Hugh McLachlan: State has no right to intrude on pregnancy
A recent court case, writes Hugh McLachlan, raises issues about the line to be drawn between moral and legal rights
THE links between our reaction to the recent report of the Hillsborough disaster and the ethics of climate change and abortion might not be immediately obvious. Nonetheless, they exist.
It has become clear that misinformation and lies were spread about the victims. They were falsely blamed for being, to various extents, responsible for their own deaths through drunkenness and hooliganism. There appears to be general agreement that we ought not to slander the living or the dead. It is not only those people who have currently living human bodies who are due moral consideration and respect.
Similarly, it is difficult to see how climate change would be a moral issue if we did not have moral duties towards and concerning potential members of possible future generations. If only those people who have currently living human bodies are due moral consideration, it would seem to follow that it is of no moral significance whether or not we leave a planet that could be fit for their comfortable survival.
Curiously, some people who abhor the slandering of the dead and support conservationist policies regarding climate change seem to assume that it is of crucial importance whether or not a foetus is considered to be a person when they think about the ethics of abortion.
This would seem to be a blatant contradiction.
Furthermore, it irrationally polarises the debate about abortion. It tends to lead people to adopt either the extreme conservative view that abortion is akin to murder or else the extreme liberal view that abortion is not really a serious moral issue.
One might but need not adopt either of these views. We could owe moral respect and consideration to people into whose mature bodies foetuses might develop prior to that development. We need not assume that there must be some particular special stage of biological development that triggers the existence of our moral rights.
One might argue that – at whatever stage of development the foetus might be – abortions are sometimes morally heinous, sometimes morally excusable and sometimes morally justified. Whatever view one has of the ethics of abortion, there are various different positions one could choose to adopt regarding the desirable legislation on abortion. Morality does not determine criminality.
There is a difference between that which is a crime and that which is morally wrong. There is a difference between having a moral duty to do something and having a legal duty to do it. Legal distinctions need not correspond to ethical ones. For instance, adultery can be morally wrongful and socially harmful. Nonetheless, it does not follow that it should be, as it once was in Scotland and still is in some other countries, a very serious criminal offence.
We choose where to draw legal lines. Neither ethics nor anything else forces us to do so. There is no significant ethical difference between, for instance, having sex with someone who is sixteen years of age and someone who is, say, a day, a week or a month younger but we have chosen to make a significant legal difference.
Whether or not we think that there are moral duties relating to abortion, we need not choose to create legal ones. Similarly, we could choose to create legal duties even if we thought that there are no inherent moral duties relating to it.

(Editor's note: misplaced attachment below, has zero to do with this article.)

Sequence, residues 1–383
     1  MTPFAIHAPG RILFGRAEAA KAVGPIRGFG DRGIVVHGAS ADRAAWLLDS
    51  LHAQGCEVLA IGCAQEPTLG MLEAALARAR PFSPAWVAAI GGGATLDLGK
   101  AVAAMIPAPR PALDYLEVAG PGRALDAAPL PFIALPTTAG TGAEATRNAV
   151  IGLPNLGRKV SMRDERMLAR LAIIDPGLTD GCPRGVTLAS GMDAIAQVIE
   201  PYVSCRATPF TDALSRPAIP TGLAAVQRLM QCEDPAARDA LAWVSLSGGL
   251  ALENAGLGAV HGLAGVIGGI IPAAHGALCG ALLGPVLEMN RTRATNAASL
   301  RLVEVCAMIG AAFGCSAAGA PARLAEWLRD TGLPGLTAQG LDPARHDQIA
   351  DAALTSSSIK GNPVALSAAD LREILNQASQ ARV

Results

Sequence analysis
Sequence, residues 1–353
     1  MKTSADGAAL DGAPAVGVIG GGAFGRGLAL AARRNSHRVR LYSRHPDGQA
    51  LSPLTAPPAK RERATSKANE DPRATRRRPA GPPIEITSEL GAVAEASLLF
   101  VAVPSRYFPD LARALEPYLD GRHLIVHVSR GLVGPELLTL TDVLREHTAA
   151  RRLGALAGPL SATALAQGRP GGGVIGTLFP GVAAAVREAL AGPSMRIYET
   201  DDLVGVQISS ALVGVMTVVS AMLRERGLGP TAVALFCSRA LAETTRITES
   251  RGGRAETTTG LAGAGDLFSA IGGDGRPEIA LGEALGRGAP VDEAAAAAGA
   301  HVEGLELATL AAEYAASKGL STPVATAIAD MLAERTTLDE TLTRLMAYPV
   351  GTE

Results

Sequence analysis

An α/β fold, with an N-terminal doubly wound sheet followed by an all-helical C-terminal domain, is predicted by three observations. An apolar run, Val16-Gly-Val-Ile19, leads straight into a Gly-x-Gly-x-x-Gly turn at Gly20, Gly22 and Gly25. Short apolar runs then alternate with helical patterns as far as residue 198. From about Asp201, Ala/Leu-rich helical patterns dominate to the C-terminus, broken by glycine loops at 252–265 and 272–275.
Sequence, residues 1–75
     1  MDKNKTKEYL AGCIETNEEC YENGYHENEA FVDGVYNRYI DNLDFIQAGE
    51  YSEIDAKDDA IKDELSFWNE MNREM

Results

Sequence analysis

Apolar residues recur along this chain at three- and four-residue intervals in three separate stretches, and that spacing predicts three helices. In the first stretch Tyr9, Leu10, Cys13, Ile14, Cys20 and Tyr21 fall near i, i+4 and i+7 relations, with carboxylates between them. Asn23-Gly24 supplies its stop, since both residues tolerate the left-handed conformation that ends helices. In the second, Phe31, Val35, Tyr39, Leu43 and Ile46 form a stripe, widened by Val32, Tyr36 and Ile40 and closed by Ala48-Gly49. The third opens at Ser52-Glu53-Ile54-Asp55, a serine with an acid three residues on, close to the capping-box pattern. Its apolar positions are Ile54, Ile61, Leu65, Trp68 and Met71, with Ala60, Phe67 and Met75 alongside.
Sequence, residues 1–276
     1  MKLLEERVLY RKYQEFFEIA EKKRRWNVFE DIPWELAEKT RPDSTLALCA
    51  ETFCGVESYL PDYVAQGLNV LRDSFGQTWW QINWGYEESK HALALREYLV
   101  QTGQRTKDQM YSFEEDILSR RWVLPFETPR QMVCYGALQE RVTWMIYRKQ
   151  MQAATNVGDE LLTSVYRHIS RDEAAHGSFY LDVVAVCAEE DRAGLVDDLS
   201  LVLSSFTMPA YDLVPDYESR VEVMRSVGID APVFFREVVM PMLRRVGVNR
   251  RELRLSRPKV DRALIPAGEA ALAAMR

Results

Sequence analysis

Recently, a woman was sent to jail for eight years for having an abortion.
The judge, Mr Justice Cooke, was quoted as saying: “The child in the womb was so near to birth that, in my judgment, all right-thinking people would consider this offence more serious than manslaughter or any offence on the calendar other than murder.”
There is a difference between taking away the life of a person who would otherwise have lived and ceasing to provide the hospitality of a womb to someone who could not survive without it. What the woman did was not the same sort of thing as a criminal act of murder or manslaughter no matter how immoral the action.
As soon as a baby is born, it has a legal as well as a moral right that it is not wilfully and wantonly killed. We all have a legal duty not to kill it wilfully or wantonly. In such a sense those who are alive have a right to live. However, we did not have a similar sort of right to be born. Those who are yet unborn require the hospitality of a womb for their bodies to remain alive and to retain the chance of being born. We do not all have a legal duty to provide a womb for such bodies. Pregnant woman should not be saddled with a legal duty to provide such hospitality.
To refrain from offering the hospitality of one’s womb or to cease to provide it is not the same sort of thing as intentionally killing someone. It should not be a criminal offence. To kill intentionally is different from doing intentionally and predictably that which prevents a birth. We can and should choose to make a legal distinction.
How can it be morally worse – worse for whom? – and more deserving of legal punishment to offer the hospitality of one’s womb for a longer rather than for a shorter period of time?
It is morally wrong to slander the dead. However, it is not illegal. Legal rights are for those who have been born and are not yet dead.
Whether or not it is morally wrong to have an abortion, it should not be illegal. In no circumstances at all should it be a criminal offence far less one that can result in a lengthy prison sentence. The state should not intrude, unbidden, upon a woman’s pregnancy.
• Hugh McLachlan is professor of applied philosophy in the School for Business and Society at Glasgow Caledonian University
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Weather for Edinburgh
Saturday 18 May 2013
Temperature: 9 C to 13 C
Wind Speed: 18 mph
Wind direction: North east
Temperature: 9 C to 18 C
Wind Speed: 8 mph
Wind direction: North east